GOV & SOCIAL ISSUES
The Need of an Independent Environment Regulator
● Recently, The Supreme Court asked the government to explain why it had not set up an “independent environment regulator” to oversee green clearances.
● Supreme Court had ordered for the setting up of a national environment regulatory body to ensure independent oversight of green clearances way back in July 2011 in Lafarge Umiam Mining Private Limited v. Union of India, commonly known as the ‘Lafarge mining case’.
“There is a need to strengthen the regulatory processes or institutional mechanisms governing environmental clearance in India”. Critically analyze.
The need for an independent environment regulator:
● Lack of unified authority to deal with environmental management for all pollution sources impedes holistic planning and enforcement of standards.
● The environmental clearance at the national level is overseen by an Expert Appraisal Committee (EAC), which functions on an ad-hoc basis, without much regulatory capacity. The EAC has been questioned on many occasions for the lack of expertise of its members and chairpersons.
● To ensure stringent and frequent compliance monitoring to check if the clearance conditions are being met by the firms.
● The present environmental regulation institutional mechanism in India, which lie with pollution control boards at the state and central level, lacks regulatory capacity and independence.
● Too many regulatory bodies also led to regulatory delays.
● Most EIA reports are used as formalities and paperwork. There are so many cases of fraudulent EIA studies where erroneous data has been used, the same facts used for two different places etc.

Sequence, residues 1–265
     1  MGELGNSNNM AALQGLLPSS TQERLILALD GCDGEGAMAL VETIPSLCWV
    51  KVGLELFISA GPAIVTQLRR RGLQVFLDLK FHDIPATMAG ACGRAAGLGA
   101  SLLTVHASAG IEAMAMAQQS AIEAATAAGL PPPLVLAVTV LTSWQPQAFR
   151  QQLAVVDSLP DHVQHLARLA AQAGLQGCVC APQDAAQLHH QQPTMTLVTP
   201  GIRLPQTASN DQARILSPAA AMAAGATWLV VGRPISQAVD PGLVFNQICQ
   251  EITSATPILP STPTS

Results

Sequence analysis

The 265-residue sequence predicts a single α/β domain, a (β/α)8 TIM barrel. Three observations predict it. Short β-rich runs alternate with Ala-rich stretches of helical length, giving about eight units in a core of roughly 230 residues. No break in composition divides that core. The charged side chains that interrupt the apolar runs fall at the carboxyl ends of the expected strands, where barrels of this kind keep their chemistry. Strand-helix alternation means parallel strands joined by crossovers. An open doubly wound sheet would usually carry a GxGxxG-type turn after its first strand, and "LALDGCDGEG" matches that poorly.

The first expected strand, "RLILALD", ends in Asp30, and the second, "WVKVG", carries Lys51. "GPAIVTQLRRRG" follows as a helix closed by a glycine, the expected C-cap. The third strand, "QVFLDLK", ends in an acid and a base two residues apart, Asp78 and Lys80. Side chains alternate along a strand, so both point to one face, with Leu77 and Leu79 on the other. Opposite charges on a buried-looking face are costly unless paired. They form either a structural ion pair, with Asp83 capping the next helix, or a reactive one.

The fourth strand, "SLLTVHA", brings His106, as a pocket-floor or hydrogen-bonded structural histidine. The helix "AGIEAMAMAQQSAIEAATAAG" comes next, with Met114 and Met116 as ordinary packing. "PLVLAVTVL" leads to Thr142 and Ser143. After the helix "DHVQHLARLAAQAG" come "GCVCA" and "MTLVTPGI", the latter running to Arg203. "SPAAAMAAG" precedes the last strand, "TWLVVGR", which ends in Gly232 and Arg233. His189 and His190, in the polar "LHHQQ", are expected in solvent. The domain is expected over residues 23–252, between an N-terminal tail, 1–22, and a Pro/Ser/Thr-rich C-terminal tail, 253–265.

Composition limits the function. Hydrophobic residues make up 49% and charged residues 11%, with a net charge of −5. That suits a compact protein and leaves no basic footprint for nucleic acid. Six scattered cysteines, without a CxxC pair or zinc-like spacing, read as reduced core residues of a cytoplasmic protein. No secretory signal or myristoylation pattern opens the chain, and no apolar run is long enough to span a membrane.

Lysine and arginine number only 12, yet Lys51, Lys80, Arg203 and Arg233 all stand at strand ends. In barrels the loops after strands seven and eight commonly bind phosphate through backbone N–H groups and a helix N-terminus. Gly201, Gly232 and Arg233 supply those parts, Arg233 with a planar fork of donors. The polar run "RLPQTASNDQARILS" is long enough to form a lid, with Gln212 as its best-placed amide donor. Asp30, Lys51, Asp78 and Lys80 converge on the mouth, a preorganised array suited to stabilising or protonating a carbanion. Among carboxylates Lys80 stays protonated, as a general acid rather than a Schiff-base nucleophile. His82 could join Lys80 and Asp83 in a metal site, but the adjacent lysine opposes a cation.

● The major concerns regarding EIA norms, such as compliance monitoring and ex-post regularisation, could be tackled with proper standard-setting by a regulator.
● India currently ranks at 168 among 180 countries in the Environment Performance Index, highlighting our subpar performance.
Environmental Clearances Required
The environment clearance under the EIA Notification, 2006
The forest clearance under Section 2 of the Forest (Conservation) Act, 1980
The coastal clearance under the Coastal Regulation Zone Notification, 2011
The wildlife clearance under the Wildlife Protection Act, 1972
The consent from Central Pollution Control Board (CPCB) and the State Pollution Control Boards (SPCBs)
Area/issue-specific clearances from regulators like the Environment Protection Authority for Eco-sensitive Zones, the Compensatory Afforestation Fund Management and Planning Authority, etc.
India’s environmental laws and regulations require a fundamental shift in the regulatory institutional mechanism. There is certainly a need for setting up a national regulator that can consolidate all clearances — environment, forests, wildlife and coastal — so that the project’s impact is fully understood and decisions are taken. This regulator should be given enough power and resources to do proper post-clearance monitoring and assessment and also impose fines and sanctions. The regulator must be transparent and accountable and promote deepening of public assessment, participation and scrutiny.